If Pretzel and the Puppies doesn’t charm you, you’re probably dead [Apple TV+ review]


Puppy Puck (voiced by Max Mitchell) in a scene from season two of ★★★☆☆
Cute pooches and wholesome lessons. What's not to like about Pretzel and the Puppies?
Image: Apple TV+

TV+ ReviewPretzel and the Puppies, the adorable Apple TV+ kids’ show about a family of dachshunds and their gentle misadventures in their hometown of Muttgomery, returns for a second season today.

Created by relative newcomer Kim Howitt and veteran Steven Altiere (Scooby-Doo!, Dinotrux), this show serves up low-stakes lessons of acceptance and perseverance —  everything that needs to be reinforced during a child’s formative years. Plus, it’s got cute dogs animated with care. Nobody with a heart can say no to this charming animated series.

Pretzel and the Puppies season two recap

Season 2: As the second season kicks in, Pretzel Dachsy (voiced by Mark Duplass), the longest dachshund in the world, and his wife Greta (voice of Nasim Pedrad) have quite the handful to manage day to day. They have five puppies: Poppy (voice of Alex Jayne Go), Pippa (voice of Amari McCoy), Pedro (voice of Gracen Newton), Paxton (voice of Milo Stein) and Puck (voice of Max Mitchell).

They live in a town of dogs. And their kids have a lot of friends — and a lot of plans that sometimes require the application of important lessons about togetherness, teamwork and self-esteem.

In one of their storylines, they get a ball caught in a gutter (why a town full of dogs has gutters … better not think about it) and must team up with the other neighborhood puppies to think up a solution. In another, a friend of theirs faces a crisis: An allergy claims the fur on the top of her head, and now she can’t wear her favorite bow. Time for some creative wardrobe ideas.

And in another, the town square is littered with plastic bags, which are getting in the way of playtime. Better organize a clean-up operation! One of their friends is afraid of the garbage truck, so they need to figure out how to help him face his fears.

And so on. There’s nothing these cute puppies can’t figure out if they use their collective brains.

Pretzel logic

I’m reviewing this show because screeners were not provided for the first season. And though there’s really only so much to say about a kids’ show, it’s good to give it at least one season’s worth of consideration. But, in missing out on the first season, I missed some crucial (or anyway as crucial as can be in a show with no plot) backstory here. For instance, there’s no real reason I can see for Pretzel to be the longest dachshund in the world. But maybe they covered this already.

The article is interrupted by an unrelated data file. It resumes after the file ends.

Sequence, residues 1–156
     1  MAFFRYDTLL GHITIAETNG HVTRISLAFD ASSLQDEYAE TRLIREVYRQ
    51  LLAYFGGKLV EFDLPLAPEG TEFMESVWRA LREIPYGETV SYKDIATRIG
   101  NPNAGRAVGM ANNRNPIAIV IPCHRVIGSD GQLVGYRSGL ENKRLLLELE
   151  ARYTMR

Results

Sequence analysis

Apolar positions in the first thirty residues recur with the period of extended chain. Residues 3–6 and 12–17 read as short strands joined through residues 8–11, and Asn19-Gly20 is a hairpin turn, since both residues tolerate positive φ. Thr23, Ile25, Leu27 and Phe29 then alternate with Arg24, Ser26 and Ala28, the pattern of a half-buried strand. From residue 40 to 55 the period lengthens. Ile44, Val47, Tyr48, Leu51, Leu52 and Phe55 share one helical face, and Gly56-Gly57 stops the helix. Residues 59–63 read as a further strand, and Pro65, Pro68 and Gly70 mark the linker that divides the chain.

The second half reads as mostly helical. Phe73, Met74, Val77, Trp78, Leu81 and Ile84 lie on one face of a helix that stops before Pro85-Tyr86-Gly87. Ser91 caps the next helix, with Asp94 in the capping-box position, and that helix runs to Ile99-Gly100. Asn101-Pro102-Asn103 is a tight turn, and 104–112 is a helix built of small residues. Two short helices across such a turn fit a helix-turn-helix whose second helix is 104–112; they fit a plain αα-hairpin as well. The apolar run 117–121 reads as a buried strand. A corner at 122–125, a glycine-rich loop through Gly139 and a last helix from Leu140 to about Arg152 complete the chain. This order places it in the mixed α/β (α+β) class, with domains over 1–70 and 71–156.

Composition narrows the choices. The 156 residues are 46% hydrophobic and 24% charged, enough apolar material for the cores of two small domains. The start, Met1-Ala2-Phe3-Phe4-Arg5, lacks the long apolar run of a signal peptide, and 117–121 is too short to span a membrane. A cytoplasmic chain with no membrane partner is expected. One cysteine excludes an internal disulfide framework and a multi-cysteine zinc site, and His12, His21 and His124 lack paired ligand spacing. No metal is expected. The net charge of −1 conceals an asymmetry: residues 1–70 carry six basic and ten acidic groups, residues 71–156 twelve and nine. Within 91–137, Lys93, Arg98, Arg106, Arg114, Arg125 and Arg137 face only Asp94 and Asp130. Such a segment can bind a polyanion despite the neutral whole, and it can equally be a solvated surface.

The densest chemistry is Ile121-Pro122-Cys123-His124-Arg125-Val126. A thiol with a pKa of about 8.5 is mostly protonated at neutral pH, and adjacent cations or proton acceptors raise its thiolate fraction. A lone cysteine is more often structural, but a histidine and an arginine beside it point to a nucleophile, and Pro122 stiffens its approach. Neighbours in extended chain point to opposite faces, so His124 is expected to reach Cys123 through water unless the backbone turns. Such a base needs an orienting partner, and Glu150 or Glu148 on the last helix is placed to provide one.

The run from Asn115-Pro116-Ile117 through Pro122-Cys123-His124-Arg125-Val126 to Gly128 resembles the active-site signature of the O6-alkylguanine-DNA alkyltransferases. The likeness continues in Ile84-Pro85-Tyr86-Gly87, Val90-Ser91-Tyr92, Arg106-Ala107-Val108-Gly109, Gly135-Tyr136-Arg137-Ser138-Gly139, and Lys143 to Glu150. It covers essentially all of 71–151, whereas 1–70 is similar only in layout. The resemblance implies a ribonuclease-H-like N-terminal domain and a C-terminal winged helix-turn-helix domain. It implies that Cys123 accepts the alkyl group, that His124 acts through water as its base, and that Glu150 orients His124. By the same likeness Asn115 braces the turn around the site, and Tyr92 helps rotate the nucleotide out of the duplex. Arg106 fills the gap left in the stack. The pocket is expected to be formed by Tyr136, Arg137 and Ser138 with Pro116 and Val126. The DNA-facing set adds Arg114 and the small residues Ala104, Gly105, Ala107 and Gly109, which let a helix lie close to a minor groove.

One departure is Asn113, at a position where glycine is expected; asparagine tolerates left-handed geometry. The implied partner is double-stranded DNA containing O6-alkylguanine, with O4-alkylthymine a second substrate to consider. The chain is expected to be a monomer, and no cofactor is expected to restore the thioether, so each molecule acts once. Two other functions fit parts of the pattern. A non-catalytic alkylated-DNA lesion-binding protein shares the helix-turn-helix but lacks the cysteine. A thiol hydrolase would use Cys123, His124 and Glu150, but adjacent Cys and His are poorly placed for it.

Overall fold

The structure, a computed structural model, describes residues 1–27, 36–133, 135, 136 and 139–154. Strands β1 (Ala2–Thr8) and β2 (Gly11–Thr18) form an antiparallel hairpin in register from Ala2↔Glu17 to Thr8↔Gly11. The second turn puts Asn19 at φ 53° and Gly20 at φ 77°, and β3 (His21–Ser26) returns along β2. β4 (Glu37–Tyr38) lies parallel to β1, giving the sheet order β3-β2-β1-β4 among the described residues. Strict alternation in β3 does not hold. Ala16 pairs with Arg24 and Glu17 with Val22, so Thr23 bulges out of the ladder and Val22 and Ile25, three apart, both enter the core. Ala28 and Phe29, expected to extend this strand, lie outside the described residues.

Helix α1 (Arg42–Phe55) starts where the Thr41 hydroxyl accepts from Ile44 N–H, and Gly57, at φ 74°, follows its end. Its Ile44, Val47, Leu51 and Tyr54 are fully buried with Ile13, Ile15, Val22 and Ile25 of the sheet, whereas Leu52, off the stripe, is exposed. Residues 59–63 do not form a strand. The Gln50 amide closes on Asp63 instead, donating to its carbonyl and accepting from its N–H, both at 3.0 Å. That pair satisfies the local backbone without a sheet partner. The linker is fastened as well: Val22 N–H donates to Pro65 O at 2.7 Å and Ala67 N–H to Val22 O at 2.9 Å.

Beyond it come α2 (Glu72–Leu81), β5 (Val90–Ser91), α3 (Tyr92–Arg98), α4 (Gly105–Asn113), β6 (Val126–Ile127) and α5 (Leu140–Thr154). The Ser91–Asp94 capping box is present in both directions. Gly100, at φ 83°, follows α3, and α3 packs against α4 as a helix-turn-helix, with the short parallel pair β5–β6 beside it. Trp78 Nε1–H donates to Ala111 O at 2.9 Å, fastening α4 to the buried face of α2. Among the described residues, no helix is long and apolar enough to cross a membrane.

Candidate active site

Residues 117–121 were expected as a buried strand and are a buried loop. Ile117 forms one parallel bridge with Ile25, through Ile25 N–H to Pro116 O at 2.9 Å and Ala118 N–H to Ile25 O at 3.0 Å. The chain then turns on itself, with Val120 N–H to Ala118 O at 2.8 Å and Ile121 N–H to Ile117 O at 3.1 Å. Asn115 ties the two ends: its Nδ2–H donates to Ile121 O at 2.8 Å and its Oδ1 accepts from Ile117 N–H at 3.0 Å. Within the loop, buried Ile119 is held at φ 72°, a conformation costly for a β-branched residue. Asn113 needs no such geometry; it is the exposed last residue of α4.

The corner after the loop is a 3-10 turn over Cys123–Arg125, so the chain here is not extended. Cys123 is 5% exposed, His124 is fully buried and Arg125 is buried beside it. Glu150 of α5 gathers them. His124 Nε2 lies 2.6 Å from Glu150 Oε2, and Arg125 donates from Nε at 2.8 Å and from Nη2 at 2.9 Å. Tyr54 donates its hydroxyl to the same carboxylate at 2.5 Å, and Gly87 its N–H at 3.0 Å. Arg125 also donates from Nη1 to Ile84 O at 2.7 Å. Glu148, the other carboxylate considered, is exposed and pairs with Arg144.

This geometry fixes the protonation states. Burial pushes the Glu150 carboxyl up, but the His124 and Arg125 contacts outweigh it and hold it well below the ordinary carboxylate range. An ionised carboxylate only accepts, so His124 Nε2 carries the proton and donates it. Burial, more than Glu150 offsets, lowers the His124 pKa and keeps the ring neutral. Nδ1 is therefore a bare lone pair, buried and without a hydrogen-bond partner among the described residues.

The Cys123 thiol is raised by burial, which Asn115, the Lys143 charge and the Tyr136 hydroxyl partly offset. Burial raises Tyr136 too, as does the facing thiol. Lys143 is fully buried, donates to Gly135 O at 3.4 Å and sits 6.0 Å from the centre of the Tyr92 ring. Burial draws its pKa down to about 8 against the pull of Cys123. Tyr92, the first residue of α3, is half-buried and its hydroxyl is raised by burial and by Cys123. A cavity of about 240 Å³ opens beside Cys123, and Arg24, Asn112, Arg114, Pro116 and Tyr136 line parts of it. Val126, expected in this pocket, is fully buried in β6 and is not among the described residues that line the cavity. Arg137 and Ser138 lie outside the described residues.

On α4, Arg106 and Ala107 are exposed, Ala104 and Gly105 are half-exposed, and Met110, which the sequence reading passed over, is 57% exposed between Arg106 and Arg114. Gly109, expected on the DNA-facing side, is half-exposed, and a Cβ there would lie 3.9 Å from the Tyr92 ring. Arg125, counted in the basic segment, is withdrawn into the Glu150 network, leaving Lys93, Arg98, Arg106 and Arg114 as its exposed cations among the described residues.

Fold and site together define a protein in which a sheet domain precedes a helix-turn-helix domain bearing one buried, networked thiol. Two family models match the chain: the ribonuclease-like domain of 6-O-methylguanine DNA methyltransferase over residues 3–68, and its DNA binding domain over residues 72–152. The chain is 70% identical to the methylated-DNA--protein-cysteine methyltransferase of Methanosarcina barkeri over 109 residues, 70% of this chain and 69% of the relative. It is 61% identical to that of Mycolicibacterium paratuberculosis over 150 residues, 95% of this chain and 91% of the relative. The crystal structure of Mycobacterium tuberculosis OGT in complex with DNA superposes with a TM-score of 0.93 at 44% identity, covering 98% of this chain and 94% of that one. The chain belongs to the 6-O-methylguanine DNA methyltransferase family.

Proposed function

I also missed how one of the kids is in a kind of wheelchair — but not knowing is better in this case. Unemphatic representation means more. It’s not a big deal; it’s just part of their everyday lives.

Pretzel and the Puppies is about as fun and absorbing as Apple TV+’s Henson Studios creations, but falls short of the mark of things like Pinecone & Pony, El Deafo and the stellar Shape Islandwhich take real risks thematically, formally and aesthetically.

The animation in this one has that broad Dreamworks feel, and the performances are mostly great. Mark Duplass can’t fully give in to the demands of a performance on a kids’ show. I can hear him trying too hard and not hitting the mark. Nasim Pedrad has a wonderfully warm presence as their mother, though: A+ work from her. The kids are all stupendous — a perfect collection of lisps and the like, exactly as adorable as you’re thinking.

There’s not a whole lot that makes Pretzel and the Puppies a standout, but it makes for very easy viewing. Plus, your child is probably already in love with it. After all, we’re on season two.


Watch Pretzel and the Puppies on Apple TV+

You can now watch the first two seasons of Pretzel and the Puppies on Apple TV+.

Rated: TV-Y

Watch on: Apple TV+

Scout Tafoya is a film and TV critic, director and creator of the long-running video essay series The Unloved for RogerEbert.com. He has written for The Village Voice, Film Comment, The Los Angeles Review of Books and Nylon Magazine. He is the author of Cinemaphagy: On the Psychedelic Classical Form of Tobe Hooper, the director of 25 feature films, and the director and editor of more than 300 video essays, which can be found at Patreon.com/honorszombie.


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